Demonstration in Waitsburg

Picketers gather at Preston Park off U.S. Highway 12 in Waitsburg on Monday afternoon to protest Nestle’s interest in building a water-bottling plant in Waitsburg. Some of the signs read: “Recall Mayor Gobel.” Information at a City Council meeting on Wednesday revealed Waitsburg Mayor Walt Gobel and City Administrator Randy Hinchliffe have been meeting with a Nestle water resources manager without City Council’s knowledge since this winter. A community meeting to discuss Nestle’s interest is planned, but a date and time have not yet been set.

WAITSBURG – Mayor Walt Gobel has resigned from his position with the city of Waitsburg effectively immediately, according to a press release he issued via email this afternoon.

Gobel, who has been mayor in Waitsburg since 2010, became the center of controversy following an announcement in July that Nestlé Waters North America is interested in building a water-bottling plant inside the city.

Council members during that meeting expressed their shock and disappointment that Gobel and City Administrator Randy Hinchliffe had already met with a Nestlé representative several times since February without their knowledge.

They were further shocked to learn that Nestlé’s contractors had already been in the city’s watershed scoping out the city’s springs to determine whether such a project in Waitsburg had merit.

“I’m a little bit dumbfounded sitting here tonight,” Council member KC Kuykendall said during that July 20 meeting.

Nestlé was ordered to stop all exploratory work in the watershed immediately while City Council considered the corporation’s interest.

Demonstrators protesting at the City Park the following Monday held signs suggesting that Gobel be recalled.

In his press release, Gobel said the actions taken by himself and Hinchliffe were based on what was best for Waitsburg.

“We both always kept an open mind, we were willing to listen to others, and we worked toward what was best for the community,” he stated.

“In this situation, Randy and I were not given an opportunity to explain the how or why of the sequence of events,” he wrote. “Councilman Kuykendall and most of the public present at the meeting were quick to jump to their own conclusions without knowing the actual facts.”

Nestlé asked for confidentiality until they had more of idea about whether Waitsburg would be a good fit for a bottling plant, and Gobel agreed to this.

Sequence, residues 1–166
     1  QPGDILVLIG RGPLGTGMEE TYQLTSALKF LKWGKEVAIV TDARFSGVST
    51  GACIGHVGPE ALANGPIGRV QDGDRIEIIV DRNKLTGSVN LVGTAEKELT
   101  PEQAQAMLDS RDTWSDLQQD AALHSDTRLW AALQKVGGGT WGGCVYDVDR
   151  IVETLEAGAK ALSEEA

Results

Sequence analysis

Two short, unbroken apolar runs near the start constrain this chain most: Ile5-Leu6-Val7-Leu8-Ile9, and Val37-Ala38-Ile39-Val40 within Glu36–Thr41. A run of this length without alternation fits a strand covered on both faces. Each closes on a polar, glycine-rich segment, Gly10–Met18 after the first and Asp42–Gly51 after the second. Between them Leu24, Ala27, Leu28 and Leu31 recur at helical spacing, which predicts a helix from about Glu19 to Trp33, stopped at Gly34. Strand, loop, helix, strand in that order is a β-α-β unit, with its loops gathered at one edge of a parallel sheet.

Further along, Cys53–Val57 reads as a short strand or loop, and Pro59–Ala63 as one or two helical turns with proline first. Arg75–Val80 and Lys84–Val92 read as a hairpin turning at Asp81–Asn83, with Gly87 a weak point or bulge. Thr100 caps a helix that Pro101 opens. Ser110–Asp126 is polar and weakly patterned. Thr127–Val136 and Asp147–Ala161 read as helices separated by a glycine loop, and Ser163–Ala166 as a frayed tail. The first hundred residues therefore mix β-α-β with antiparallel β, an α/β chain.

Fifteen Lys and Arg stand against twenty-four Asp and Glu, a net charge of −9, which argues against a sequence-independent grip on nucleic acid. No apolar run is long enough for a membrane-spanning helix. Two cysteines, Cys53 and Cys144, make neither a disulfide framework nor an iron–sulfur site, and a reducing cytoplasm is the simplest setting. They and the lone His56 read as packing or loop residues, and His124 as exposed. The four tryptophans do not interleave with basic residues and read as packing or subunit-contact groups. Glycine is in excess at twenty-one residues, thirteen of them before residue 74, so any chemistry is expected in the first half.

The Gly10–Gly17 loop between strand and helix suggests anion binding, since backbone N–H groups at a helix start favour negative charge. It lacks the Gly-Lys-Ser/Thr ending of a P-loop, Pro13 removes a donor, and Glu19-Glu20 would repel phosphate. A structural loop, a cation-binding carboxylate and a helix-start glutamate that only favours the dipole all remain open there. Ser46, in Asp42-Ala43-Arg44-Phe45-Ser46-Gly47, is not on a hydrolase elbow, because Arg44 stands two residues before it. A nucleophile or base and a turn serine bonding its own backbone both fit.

But when Nestlé made a second request for continued confidentiality, Gobel refused and brought the issue to City Council, he stated.

When reached by phone this afternoon, Gobel added that he hoped his resignation would allow the city to “heal some of its wounds and get back on its feet again.”

“Neither one of us, Randy or myself, had anything to gain from this,” he said. “We were just doing our jobs and pursuing economic development for our city. I think it’s our obligation to follow leads, and until we get those facts how can you make an informed decision?”

Waitsburg City Council has scheduled a special meeting for tonight at 7 in Waitsburg Town Hall at 121 Main St. to further discuss Nestlé’s proposed project.

City Council member Marty Dunn is currently mayor pro tem and will fulfill the mayor’s duties until Council has time to select someone from its ranks to be temporary mayor, according to Gobel.

Then they will advertise and find someone to appoint until a new mayor can be elected next year. Waitsburg operates on an 1886 charter and holds elections each May for mayor and all five City Council seats.

As a final caveat to his constituency, Gobel wrote: “To those who have pushed for my recall, I say you won! You have won the battle, but if you continue to reject all possibilities of growth for this community, you will not win the war.”

“Our community will continue to regress as long as you maintain your ‘mob’ attitude when possible community development presents itself,” he continued. “After all, this situation is not the first time this has happened. I am embarrassed that our community has treated some of the presenters on possible community or economic development very rudely.”

Dian Ver Valen can be reached at dianvervalen@wwub.com or 526-8363 or 509-956-8312.

Dian is editor of the Union-Bulletin and Lifestyles magazine. She received her bachelor's in journalism from Western Washington University in 2003. She received her master's in communication and leadership from Gonzaga.